Bayville compass rose gets mixed reviews

A compass rose design inlaid at the intersection A compass rose design inlaid at the intersection of Ludlam and Bayville avenues, part of Bayville Village's new streetscape, has drawn curious comments from residents. (Oct. 18, 2012) Photo Credit: Johnny Milano

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A design reminiscent of childhood Spirograph drawings.

A Wiccan-esque symbol.

A unique way to welcome visitors to Bayville.

A nod to nautical culture.

Everyone has an opinion about the ornamental compass rose inlaid at the intersection of Ludlam and Bayville avenues as part of the $735,000 Bayville streetscape makeover that included drainage improvements, new curbs and sidewalks, and street paving.

"There are comments made and questions asked about what it is," Mayor Doug Watson said. "It's a design in the middle of the intersection. Someone has to ask those questions."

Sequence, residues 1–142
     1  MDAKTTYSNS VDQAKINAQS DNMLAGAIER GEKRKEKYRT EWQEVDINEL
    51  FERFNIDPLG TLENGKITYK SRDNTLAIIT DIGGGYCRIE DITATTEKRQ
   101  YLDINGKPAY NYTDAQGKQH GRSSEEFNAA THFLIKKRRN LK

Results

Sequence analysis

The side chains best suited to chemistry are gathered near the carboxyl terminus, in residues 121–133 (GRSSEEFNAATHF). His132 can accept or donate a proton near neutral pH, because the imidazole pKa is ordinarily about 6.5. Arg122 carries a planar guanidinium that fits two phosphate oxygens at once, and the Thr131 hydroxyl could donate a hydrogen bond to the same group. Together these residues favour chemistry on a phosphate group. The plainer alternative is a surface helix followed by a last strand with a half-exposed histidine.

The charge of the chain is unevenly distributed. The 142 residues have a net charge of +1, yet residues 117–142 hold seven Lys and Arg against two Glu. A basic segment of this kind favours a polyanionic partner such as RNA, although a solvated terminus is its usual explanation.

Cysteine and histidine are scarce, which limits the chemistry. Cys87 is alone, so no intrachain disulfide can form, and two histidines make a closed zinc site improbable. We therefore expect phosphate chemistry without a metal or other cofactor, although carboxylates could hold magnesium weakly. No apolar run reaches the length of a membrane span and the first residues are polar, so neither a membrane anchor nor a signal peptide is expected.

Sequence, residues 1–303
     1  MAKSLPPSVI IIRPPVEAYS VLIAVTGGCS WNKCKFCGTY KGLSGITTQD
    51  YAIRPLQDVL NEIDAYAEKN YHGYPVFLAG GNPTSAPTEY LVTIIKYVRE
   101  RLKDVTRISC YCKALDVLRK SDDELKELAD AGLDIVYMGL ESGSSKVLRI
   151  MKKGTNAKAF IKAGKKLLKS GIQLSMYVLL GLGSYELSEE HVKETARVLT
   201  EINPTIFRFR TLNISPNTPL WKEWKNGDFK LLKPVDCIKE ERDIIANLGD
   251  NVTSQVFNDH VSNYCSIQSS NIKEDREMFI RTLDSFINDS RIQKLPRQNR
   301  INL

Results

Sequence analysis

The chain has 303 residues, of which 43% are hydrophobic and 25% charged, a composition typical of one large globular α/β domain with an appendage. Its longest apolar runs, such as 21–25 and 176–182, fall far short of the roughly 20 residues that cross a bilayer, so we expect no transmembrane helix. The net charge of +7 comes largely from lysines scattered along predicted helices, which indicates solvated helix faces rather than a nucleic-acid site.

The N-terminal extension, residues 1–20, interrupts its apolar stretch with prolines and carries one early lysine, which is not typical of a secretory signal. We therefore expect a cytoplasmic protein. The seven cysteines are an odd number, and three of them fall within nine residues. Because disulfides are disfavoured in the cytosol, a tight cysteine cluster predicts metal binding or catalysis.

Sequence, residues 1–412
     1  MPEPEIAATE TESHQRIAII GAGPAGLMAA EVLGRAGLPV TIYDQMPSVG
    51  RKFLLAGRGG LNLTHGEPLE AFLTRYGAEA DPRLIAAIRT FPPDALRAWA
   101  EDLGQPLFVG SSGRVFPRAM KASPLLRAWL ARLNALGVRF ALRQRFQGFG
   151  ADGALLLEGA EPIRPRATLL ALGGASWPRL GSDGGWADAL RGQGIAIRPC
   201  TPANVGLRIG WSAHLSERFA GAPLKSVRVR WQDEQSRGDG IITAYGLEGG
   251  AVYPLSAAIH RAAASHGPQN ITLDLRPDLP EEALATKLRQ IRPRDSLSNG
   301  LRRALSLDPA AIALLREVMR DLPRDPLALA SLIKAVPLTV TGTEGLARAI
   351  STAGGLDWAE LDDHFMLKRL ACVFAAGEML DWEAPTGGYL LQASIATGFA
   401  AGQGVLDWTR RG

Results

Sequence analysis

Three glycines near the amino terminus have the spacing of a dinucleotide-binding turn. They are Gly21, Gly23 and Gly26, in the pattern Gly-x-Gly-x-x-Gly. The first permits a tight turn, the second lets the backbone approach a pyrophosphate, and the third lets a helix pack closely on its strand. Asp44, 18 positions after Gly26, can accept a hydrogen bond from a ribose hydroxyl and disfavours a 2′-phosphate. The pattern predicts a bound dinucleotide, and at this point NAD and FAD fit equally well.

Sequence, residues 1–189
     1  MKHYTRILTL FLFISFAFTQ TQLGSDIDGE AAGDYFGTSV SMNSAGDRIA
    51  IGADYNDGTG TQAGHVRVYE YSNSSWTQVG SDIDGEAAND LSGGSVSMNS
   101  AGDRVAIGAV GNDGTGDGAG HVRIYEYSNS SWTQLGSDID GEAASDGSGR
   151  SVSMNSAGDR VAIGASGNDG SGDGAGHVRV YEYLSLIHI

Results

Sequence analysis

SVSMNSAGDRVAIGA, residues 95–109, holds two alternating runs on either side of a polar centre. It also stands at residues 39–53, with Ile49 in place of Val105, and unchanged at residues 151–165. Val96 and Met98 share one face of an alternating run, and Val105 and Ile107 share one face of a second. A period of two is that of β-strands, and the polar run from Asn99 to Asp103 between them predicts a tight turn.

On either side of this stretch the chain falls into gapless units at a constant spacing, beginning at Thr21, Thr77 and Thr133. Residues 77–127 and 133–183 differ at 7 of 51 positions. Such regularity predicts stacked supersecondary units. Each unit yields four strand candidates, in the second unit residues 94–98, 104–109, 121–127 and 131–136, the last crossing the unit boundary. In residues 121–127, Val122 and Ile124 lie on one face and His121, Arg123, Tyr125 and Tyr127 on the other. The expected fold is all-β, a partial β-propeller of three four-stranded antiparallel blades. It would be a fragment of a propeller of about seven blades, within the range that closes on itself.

Watson said last week he has fielded only three complaints since the compass rose was installed in June.

Bayville resident Stuart Lewis that month commented during a village board meeting that the design looked like a symbol stereotypically associated with witchcraft, calling it a "pentagram insignia."

"Nobody's going to get burned," was Watson's jocular reply.

"To me, it's a design," the mayor said last week. "It's a nautical design, because we're a waterfront village."

The pattern, made of thermoplastic, consists of at least six concentric circles and an eight-point star. It was chosen by the board of trustees and installed by Hauppauge-based Kings Park Industries.

Guisselle Vega, 28, of Bayville, who works at the deli on the corner, said she enjoys seeing the compass rose regularly.

"I love it," she said. "When you drive by, it looks pretty cool and it's not something you see on every street."

James Scott, 49, of Bayville, is less impressed. "The problem with it is it's not a compass rose," he said. "Remember Spirograph from when you were a kid? It looks like a Spirograph."

Scott also questioned whether the compass pointed true north, but admitted it must be pretty close. "It would be nice if it got an 'N,' " he said.

The directional N, E, S and W were supposed to be installed as part of the design last summer, but will soon be added to help clear up confusion, Watson said.

"And that," he said, "will be the end of that."

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